Elvis Perkins In Dearland : Self-Titled

<img src="https://www.qromag.com/wp-content/uploads/2009/03/elvisperkinsindearlandst.jpg" alt=" " />Elvis has entered the Dearland on the now-self-titled <em>Elvis Perkins In Dearland</em>.<br />...
Elvis Perkins
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Elvis Perkins In Dearland : Elvis Perkins In Dearland

Elvis Perkins first became known for his remarkable and tragic family history: he’s son of actor Anthony Perkins (Norman Bates in Psycho), one of the first celebrities to die of complications from AIDS, and photographer Berry Berenson, who was aboard one of the planes that hit the Twin Towers on September 11th, 2001 (not to mention being descended from, among others, Giovanni Schiaparelli, the Italian astronomer who believed he discovered canals on Mars).  It all gave him a claim more than most have, despite his “loathing” of the term, to the ‘singer/songwriter’ title (and ‘Elvis’ is his birth name, not adopted, like a certain Mr. (not) Costello…).  His 2007 solo debut, Ash Wednesday, was affected by tragedy, yet didn’t traffic too deeply in stripped alt-folk, instead embracing country-time instrumentation that only grew more so when he toured with backing band Dearland (bassist Brigham Bough, guitarist/organist Wyndham Boylan-Garnett, and drummer Nick Kinsey).  Now comes Elvis Perkins In Dearland’s self-titled, first ‘true ensemble’ record, which keeps and expands that instrumentation, while giving a more varied, and thus, on average, sunnier, outlook.

In general, the fun times on Dearland are stronger than the sad times, but there are exceptions at both ends, starting with the record’s starter, “Shampoo”.  The weary alt-country harmonica-loss has real twang, making it, alongside the penultimate “1 2 3 Goodbye”, the two finest sad songs on the album.  In fact, the grander look at the down home singer/songwriter “1 2 3” kind of feels like it should be the final track on the record, as opposed to the subsequent, actual finisher, “How’s Forever Been Baby”, whose slow piano/accordion work is a little too extended.  Other restrained work, whether keys-led like “Forever” and “Hours Last Stand”, or guitar-led the like the little ditty “Send My Fond Regards To Lonelyville” and swaying “Chains, Chains, Chains”, also go on a bit too long.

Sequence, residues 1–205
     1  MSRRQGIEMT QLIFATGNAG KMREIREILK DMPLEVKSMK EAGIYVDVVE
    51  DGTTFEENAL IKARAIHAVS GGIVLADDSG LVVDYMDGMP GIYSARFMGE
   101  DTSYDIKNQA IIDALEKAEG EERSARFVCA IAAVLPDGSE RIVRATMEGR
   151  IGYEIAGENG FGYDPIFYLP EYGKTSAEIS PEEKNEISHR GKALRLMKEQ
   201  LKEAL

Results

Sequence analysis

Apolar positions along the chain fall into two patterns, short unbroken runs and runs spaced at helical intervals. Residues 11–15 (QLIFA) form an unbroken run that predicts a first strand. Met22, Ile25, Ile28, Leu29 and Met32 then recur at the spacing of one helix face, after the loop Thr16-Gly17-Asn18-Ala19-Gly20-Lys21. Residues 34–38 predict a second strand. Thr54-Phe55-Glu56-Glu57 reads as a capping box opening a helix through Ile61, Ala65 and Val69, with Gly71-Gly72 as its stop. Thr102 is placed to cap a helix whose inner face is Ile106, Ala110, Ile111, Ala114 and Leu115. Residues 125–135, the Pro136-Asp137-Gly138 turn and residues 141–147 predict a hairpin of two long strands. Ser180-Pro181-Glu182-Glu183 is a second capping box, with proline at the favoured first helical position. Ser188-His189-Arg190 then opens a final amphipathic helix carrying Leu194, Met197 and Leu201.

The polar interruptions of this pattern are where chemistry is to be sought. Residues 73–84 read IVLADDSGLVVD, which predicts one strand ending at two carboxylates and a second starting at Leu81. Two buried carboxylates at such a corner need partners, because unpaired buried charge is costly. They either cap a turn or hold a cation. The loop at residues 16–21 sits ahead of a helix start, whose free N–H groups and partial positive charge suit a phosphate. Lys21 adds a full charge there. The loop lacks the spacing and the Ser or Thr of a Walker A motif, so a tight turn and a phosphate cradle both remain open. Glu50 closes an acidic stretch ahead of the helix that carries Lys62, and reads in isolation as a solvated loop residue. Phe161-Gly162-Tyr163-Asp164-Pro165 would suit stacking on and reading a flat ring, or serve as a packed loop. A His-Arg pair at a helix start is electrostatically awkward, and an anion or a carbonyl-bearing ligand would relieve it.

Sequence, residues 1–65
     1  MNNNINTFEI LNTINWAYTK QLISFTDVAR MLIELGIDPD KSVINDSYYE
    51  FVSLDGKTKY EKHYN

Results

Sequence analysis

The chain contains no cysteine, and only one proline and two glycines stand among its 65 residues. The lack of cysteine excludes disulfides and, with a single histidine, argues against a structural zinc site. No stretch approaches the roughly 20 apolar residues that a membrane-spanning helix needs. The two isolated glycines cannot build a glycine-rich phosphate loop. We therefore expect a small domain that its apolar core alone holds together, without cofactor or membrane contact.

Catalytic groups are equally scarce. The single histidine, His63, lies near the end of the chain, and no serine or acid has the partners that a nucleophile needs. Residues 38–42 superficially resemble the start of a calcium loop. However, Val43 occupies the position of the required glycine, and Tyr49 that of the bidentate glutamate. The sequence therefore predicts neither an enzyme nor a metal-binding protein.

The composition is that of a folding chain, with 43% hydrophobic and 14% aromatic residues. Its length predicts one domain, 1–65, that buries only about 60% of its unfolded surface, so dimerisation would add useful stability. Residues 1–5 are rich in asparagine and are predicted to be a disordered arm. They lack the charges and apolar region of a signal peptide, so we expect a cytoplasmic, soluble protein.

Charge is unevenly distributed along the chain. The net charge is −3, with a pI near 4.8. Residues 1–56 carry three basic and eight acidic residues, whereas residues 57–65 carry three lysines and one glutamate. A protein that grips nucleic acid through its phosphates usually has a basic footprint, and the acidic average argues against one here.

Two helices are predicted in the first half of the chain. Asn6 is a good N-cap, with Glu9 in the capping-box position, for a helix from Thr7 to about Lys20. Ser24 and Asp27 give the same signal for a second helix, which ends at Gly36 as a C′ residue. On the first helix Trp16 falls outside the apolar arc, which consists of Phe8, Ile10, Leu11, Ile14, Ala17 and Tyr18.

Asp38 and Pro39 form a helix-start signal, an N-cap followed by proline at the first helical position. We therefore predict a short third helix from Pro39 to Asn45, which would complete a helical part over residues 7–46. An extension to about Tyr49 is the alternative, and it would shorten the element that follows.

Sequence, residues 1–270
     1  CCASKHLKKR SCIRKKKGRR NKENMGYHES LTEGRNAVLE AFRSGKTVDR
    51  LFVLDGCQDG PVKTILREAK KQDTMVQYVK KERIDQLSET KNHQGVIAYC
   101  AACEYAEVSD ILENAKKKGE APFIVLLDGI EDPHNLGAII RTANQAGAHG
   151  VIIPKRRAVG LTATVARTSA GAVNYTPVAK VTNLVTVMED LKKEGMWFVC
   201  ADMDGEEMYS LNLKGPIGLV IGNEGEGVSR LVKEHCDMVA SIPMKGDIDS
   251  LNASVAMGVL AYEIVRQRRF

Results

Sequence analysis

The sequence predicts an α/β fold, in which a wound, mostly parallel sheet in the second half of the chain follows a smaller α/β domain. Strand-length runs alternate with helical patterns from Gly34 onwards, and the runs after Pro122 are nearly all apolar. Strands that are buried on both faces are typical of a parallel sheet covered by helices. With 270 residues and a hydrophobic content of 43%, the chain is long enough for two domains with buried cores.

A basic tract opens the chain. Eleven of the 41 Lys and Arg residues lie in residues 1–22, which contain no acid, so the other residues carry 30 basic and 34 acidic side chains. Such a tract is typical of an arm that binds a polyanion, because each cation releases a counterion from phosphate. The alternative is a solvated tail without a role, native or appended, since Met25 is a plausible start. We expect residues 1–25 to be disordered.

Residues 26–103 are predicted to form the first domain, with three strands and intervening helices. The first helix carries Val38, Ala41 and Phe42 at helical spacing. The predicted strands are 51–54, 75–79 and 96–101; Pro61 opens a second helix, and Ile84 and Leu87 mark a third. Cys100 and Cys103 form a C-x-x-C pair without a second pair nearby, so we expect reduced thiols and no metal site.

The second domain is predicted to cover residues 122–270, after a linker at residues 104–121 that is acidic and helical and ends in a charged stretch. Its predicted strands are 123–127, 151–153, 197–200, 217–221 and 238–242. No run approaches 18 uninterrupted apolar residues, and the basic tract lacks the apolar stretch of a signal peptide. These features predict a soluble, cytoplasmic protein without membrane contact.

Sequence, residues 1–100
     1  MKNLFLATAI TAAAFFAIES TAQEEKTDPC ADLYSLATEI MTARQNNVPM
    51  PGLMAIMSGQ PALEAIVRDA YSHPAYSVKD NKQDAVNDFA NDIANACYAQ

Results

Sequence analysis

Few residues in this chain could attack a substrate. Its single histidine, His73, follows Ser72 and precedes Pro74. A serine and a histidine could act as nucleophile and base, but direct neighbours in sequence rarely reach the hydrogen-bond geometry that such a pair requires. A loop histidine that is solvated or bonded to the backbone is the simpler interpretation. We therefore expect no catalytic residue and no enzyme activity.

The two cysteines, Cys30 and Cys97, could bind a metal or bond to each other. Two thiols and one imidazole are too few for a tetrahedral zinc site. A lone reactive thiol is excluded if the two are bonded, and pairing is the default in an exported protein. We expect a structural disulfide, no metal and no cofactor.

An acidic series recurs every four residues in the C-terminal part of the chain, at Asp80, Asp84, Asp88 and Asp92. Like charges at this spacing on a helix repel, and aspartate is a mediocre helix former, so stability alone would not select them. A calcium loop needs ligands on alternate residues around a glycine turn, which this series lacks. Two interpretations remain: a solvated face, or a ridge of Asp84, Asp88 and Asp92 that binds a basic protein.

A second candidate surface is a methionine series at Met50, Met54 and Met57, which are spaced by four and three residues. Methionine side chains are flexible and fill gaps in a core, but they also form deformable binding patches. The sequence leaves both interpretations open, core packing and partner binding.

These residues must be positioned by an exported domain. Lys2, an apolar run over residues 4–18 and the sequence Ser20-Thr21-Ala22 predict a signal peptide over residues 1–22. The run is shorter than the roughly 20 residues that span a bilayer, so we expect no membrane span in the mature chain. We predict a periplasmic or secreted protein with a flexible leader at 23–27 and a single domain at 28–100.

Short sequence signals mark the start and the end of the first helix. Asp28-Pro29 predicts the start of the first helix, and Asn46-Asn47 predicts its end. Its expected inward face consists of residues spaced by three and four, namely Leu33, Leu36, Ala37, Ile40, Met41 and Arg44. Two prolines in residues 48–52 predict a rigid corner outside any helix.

On the flip side, when Perkins & Dearland have fun, one can’t hope but the good times never end.  One of the high points of Dearland live shows (QRO review) is seeing Kinsey stepping out from behind the drum set and strapping on a giant bass drum, marching band style, and seeing him dance around the stage while beating it (between that, Boylan-Garnett’s accordion, and Bough’s upright bass, live Kinsey on the big drumin concert, Dearland is just kinda cooler than Elvis…), and thankfully that sound, at least, is not missing from Dearland.  The lighter “Hey” first introduces the upbeat march-drum work, but then “I Heard Your Voice In Dresden” takes it to the next level by making it bigger and really combining it with a fun tempo and Perkins’ unique voice.  However, the standout of the standouts is, again like the live show, “Doomsday”; the natural successor to Wednesday’s own standout “May Day!” (QRO’s Twelve Songs for Twelve Months), nothing will put a smile on your face more as you head into the final days (that unfortunately seem to be coming right now…).

Only the fuzzy, lo-fi blues-piano “I’ll Be Arriving” feels a little weak among the upbeat songs on Dearland, a little muddled in its N’Orleans party-haunt.  If Perkins + Dearland’s more upbeat material is still a little more enjoyable than their downbeat, that might just be because Perkins did downbeat so well on Ash Wednesday, and its just so great to hear him & the band when they have a good time on Elvis Perkins In Dearland.

MP3 Stream: "Doomsday"

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– Tom Balfour

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